'The true cook is the perfect blend, the only perfect blend, of artist and philosopher. He knows his worth: he holds in his palm the happiness of mankind, the welfare of generations yet unborn.'

Monday, 1 October 2012

Melon tapioca soup 蜜瓜西米露

While most western desserts are solid (even ice cream is semi-solid, no?), I think it is true to say that most Asian desserts are in some form of liquid. The southern Chinese province Canton boasts an impressive array of 'sweet soups' - a strange concept to westerners I'm sure. They are actually eaten in a bowl with a spoon rather than consumed as a drink. Thus in Cantonese we wouldn't say we're 'drinking sweet soup', but rather 'eating sweet soup' 食糖水.

One of the most popular sweets soups in Hong Kong is tapioca soup 西米露. Thanks to the restaurant chain 許留山, mango tapioca soup has become one of the household desserts in Hong Kong. Tapioca soup is actually extremely easy to make at home, and at a fraction of the price you pay at a sweet soup vendor. Since it's a soupy mixture, the proportions of the ingredients are kind of ad lib. - there's no need for finicky precision like baking a cake.

Since good mangoes are impossible to come by in the States, I decided to make melon tapioca soup instead. I like to mix different kinds of melons for a more interesting flavour, but you can stick to only one kind if you wish. The same method of preparation goes for other fruits like mangoes and watermelon (very popular in Hong Kong), although I'm yet to encounter strawberry or banana tapioca soup... Anyone?

蜜瓜西米露 Melon tapioca soup

Tapioca is the starch extracted from cassava, and the tapioca pearls that we use in this soup are very common in Southeast Asian desserts. It is made by passing moistened tapioca starch through a sieve under pressure. It doesn't taste of anything but gives a very interesting texture when added to soups. Tapioca starch is also a fine sauce thickener - it makes a much clearer sauces than cornflour, which tends to make sauces cloudy.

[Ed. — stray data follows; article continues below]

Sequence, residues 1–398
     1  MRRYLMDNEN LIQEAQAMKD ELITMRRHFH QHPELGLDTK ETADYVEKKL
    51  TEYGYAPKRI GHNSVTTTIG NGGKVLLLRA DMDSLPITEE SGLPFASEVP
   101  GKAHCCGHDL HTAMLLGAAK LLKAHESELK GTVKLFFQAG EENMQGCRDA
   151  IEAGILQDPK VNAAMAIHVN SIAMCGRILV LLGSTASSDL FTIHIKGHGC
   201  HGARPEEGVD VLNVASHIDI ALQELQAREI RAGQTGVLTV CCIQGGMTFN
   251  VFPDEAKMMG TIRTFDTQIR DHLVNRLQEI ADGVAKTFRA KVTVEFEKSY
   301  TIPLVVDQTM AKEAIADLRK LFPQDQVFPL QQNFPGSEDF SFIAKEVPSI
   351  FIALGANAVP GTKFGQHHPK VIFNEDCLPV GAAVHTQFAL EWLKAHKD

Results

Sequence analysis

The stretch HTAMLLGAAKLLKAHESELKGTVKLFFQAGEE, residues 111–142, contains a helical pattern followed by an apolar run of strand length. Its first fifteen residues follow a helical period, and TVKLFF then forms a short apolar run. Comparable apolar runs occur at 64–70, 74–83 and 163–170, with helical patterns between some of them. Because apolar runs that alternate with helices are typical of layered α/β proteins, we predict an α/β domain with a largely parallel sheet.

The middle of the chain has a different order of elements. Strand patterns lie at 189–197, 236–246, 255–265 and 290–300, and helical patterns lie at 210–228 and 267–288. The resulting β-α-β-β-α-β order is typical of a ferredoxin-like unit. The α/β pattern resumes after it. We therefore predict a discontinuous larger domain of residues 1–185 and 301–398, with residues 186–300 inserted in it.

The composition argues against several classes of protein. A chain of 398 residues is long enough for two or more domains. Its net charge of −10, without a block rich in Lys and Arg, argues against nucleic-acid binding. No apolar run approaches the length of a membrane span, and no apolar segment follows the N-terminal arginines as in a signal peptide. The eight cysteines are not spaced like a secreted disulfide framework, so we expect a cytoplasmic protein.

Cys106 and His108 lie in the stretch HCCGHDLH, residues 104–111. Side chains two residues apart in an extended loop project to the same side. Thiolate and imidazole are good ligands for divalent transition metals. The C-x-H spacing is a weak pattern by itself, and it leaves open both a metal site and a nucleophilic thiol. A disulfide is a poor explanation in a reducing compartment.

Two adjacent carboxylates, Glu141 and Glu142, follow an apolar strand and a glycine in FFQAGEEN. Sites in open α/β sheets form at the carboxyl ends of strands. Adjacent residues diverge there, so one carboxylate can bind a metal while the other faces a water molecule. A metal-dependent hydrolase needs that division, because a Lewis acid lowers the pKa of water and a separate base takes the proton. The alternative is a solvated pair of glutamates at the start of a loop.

I happened to have a honeydew and a cantaloupe on hand, so I used both of them which gave me a few litres worth of sweet soup... use less unless you're entertaining a party!
Start by cutting the melons in half, scoop out the seeds in the centre with a spoon. These seeds are actually entangled with the sweets juices of the melon, so I actually place them on a sieve and wait for the juices to drip through. I'll add the juice to the pureed melons later - you can just dump them to the bin, of course.

Cut the melon into thick slices and skin them. I reserved a quarter of the melons and diced them finely to add some crunch to the soup.

Cut the rest into biggish cubes, and puree them in a blender with water till smooth. There should be enough water to cover half of the blender.  Here is the cantaloupe undergoing the treatment:

And the honeydew:

Mix all the purees together. Now add milk for some creaminess - this is optional, but it gives the soup a little more body. I used one can of evaporated milk for two melons. Next time I would use whole milk as I never liked the cooked flavour of evaporated milk..

Now, add sugar and lemon juice to correct the seasoning. Yes, the sugar will melt easily. The addition of lemon juice to fruit juice/puree isn't very Asian, but it's very common in western dessert making, and it really helps accentuate the fruity flavours and its acidity rounds out the sweetness of the soup. Taste till you're satisfied.

Now add the reserved diced melon to the soup.

Now onto the tapioca. Bring a large pan of water to a rolling boil. Add all the tapioca pearls at once.

Timing is crucial for a tapioca texture that is cooked through yet still chewy: boil on high heat, uncovered, for 10 minutes. Remove from the heat and leave it covered for another 10 minutes.

Drain the tapioca pearls with a medium-fine mesh and refresh under cold tap water, stirring with a spatula till the tapioca pearls are cool. This helps to wash off some of the starch so that the pearls wouldn't clump together later when you add them to the soup. The pearls should be translucent.

Add the tapioca pearls to the soup, mixing well so that the pearls are evenly distributed. Add more water if necessary - the mixture should be runny rather than thick. Taste again and adjust with more sugar and lemon juice if necessary.

Chill in the fridge still very cold (couple of hours). A thirst-quenching, ambrosial sweet soup is born.